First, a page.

Currently, almost 17.3 million Bitcoin have been mined, which equates to a volume of USD 20.14 billion and a market capitalization of USD 173.54 billion. This means that nearly 3.7 million BTC have yet to be mined before the 21 million BTC supply is reached.
The actual bitcoin in circulation is well below the 17.3 million mark, which can be attributed to nearly 4 million BTC that is permanently lost due to the loss of private keys or the death of owners.
The last bitcoin is expected to be mined in 2140 with the block reward would be less than 1 satoshi. The question of the BTC price is of great concern to most miners. Will the price of Bitcoin go up or down?
To answer this question effectively, we should dig deep into the Bitcoin evolution that SegWit and the lighting network are involved in.
SegWit (Segregated Witness) refers to a protocol upgrade that increases the block size limit for a blockchain by removing signature data from Bitcoin transactions. SegWit code was released in 2015 but implemented on Bitcoin in August 2017.
The main function of SegWit is to separate non-signature data from signature data for each transaction, thus reducing the transaction sizes stored in a block. SegWit also eliminates the malleability of transactions on the Bitcoin network by removing signatures from transaction data, paving the way for integration of lighting network integration.
The lighting network refers to a “Layer 2” payment protocol that runs on the Bitcoin blockchain. The lighting network adds another layer to the Bitcoin blockchain so that users can create payment channels between two parties connected by the additional layer.
The lightning network enables fast transactions between the participating nodes. SegWit, together with the Lighting Network, fixes Bitcoin’s scalability problems and enables the platform to process millions of transactions per second. Prior to the implementation of the SegWit and Lighting network, the 1MB block size protocol limited Bitcoin transactions to 7 per second, which severely limited Bitcoin’s potential growth into an efficient, widely used payment system.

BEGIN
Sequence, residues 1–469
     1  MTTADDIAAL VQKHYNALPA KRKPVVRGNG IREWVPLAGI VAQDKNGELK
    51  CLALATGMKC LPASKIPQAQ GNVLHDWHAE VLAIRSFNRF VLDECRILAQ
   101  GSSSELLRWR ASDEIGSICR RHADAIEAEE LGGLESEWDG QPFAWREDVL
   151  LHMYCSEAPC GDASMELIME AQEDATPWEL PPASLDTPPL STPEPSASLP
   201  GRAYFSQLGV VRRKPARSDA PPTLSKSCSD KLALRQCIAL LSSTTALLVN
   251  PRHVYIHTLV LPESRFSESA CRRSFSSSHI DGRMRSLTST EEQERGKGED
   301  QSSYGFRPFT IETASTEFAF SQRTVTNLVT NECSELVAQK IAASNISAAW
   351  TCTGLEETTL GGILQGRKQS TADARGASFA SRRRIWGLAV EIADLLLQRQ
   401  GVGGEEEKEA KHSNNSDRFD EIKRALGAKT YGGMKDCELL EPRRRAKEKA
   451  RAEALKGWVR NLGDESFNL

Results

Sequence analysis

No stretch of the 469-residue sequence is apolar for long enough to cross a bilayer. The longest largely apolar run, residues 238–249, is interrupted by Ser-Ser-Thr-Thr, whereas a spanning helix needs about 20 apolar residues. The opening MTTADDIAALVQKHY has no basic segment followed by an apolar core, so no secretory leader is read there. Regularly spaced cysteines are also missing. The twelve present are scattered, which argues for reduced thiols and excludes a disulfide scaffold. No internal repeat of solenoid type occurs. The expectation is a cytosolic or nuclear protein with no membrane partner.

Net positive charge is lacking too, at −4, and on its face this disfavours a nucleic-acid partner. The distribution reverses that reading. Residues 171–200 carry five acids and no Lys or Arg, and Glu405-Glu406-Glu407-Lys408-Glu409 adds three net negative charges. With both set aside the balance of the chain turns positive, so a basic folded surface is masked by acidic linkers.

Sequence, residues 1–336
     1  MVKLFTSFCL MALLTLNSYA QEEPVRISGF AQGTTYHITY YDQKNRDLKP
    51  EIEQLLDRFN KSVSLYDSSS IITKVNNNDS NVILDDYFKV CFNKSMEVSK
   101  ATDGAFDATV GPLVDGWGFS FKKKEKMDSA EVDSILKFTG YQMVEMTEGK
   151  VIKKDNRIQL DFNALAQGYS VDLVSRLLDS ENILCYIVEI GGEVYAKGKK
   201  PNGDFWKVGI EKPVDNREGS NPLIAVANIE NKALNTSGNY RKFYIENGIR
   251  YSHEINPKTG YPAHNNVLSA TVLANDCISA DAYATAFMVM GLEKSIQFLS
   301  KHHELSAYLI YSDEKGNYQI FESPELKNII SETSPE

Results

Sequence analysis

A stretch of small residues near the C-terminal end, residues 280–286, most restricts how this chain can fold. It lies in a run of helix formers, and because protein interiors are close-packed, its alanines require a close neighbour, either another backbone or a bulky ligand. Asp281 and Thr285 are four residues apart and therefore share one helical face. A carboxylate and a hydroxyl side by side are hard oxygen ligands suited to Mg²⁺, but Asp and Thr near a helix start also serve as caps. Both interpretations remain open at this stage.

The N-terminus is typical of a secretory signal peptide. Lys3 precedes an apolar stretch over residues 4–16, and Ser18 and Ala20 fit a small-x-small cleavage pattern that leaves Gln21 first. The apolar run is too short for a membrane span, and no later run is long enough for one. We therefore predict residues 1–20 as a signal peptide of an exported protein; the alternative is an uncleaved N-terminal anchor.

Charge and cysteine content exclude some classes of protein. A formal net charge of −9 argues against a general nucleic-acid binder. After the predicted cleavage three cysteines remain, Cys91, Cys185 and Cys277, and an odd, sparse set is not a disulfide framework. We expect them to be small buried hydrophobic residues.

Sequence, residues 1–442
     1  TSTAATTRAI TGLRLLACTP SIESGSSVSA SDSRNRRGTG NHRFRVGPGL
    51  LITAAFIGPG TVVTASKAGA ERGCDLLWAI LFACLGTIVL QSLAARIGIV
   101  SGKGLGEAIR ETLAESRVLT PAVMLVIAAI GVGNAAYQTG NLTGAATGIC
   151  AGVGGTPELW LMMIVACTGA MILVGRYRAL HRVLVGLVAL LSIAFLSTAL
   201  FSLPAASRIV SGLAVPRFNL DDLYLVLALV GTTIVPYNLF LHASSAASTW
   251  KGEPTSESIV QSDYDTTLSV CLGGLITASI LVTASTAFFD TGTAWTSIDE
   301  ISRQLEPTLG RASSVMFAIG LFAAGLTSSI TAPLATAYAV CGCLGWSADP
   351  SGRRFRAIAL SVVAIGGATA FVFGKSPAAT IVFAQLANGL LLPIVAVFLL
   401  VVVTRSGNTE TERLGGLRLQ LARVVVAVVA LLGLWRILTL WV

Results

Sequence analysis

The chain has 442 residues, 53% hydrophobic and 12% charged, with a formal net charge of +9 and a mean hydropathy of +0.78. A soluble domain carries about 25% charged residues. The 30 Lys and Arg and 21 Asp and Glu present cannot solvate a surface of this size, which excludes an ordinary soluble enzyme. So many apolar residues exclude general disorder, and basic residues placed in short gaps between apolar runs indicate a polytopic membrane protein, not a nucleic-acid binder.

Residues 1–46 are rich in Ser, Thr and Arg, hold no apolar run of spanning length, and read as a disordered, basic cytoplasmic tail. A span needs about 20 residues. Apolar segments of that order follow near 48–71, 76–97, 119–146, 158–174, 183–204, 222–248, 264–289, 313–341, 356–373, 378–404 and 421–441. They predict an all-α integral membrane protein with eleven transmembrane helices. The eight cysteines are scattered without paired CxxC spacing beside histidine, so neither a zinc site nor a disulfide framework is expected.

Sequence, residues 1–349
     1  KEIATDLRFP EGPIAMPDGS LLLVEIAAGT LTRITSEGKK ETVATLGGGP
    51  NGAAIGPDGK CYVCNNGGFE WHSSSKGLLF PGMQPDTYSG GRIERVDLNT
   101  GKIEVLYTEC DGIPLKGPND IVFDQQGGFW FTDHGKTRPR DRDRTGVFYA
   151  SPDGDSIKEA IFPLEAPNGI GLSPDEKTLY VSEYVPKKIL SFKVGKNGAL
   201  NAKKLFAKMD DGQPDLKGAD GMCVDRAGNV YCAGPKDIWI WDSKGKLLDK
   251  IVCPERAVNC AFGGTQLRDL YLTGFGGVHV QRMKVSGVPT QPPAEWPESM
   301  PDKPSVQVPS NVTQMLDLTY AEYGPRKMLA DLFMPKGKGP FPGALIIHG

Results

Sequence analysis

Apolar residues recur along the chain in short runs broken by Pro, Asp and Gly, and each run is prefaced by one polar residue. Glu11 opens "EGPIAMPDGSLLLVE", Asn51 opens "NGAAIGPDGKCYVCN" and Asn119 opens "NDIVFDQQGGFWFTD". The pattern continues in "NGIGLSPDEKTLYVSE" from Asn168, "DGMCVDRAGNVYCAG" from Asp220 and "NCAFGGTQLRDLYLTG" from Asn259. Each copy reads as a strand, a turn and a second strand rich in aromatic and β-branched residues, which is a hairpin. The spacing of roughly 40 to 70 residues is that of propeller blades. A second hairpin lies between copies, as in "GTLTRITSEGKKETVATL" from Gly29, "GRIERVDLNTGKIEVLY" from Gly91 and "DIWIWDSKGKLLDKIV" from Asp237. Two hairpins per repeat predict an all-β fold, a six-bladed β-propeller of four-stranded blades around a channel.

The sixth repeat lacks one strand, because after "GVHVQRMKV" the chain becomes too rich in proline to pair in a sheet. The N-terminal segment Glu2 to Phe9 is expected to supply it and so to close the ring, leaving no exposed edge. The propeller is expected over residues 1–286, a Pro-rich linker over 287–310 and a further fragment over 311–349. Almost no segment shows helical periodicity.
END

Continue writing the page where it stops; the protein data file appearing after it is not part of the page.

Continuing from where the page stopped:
As mentioned earlier, the implementation of the SegWit and lighting network eliminates scalability issues on the Bitcoin platform, ensures smooth and fast transactions, and greatly improves market value. However, this doesn’t look promising for bitcoin miners, especially after 21 million bitcoins have been mined.
The depletion of Bitcoin reserves means miners are earning solely through transaction fees rather than block rewards. And with full integration of the lighting network, far fewer transactions could be recorded on the platform on a daily basis, which would result in a significant drop in miners’ revenues. With a significant drop in sales, miners would certainly not be willing to sell Bitcoin at a lower price (loss) and therefore the price of BTC will go up.
With this development, however, the price of Bitcoin has continuously decreased. Since the start of 2018 and early in 2019, the price of Bitcoin has fallen from a high of nearly $ 20,000 to around $ 4,000, an 80% decline and an all-time low.
For miners, there are Bitcoin prices that determine whether they will make a profit: all-in ROI breakeven levels and cash cost breakeven levels. Once these two factors are negative, it no longer makes sense to mine Bitcoin as it now represents a total loss.
Currently, block rewards represent new bitcoins and are halved every four years until 21 million bitcoins have been mined by 2140. The falling profit margin is due to either the development of bitcoin, the halving of events, or the ultimate depletion of bitcoin reserves, a challenge for miners unsure of the future.
Transaction fees are the only means by which miners can remain financially relevant in the mining industry. Whether these transaction fees will be valuable enough to encourage miners to continue mining is inevitably uncertain as the coin has two sides.
The advancement of the Bitcoin platform, including protocols like SegWit and Lightning Network, could lead to a reduction in daily recorded transactions and, consequently, a reduction in transaction fees. With bitcoin reserves depleted, the demand for bitcoin could get incredibly higher than supply, resulting in a ridiculously high market price as well as a higher transaction fee to promote mining.
However, in more than 100 years until the last bitcoin is mined, a lot could happen in between to motivate the miners to keep the network going. Who knows, Satoshi Nakamoto might even decide to change the consensus on Bitcoin to keep the network alive.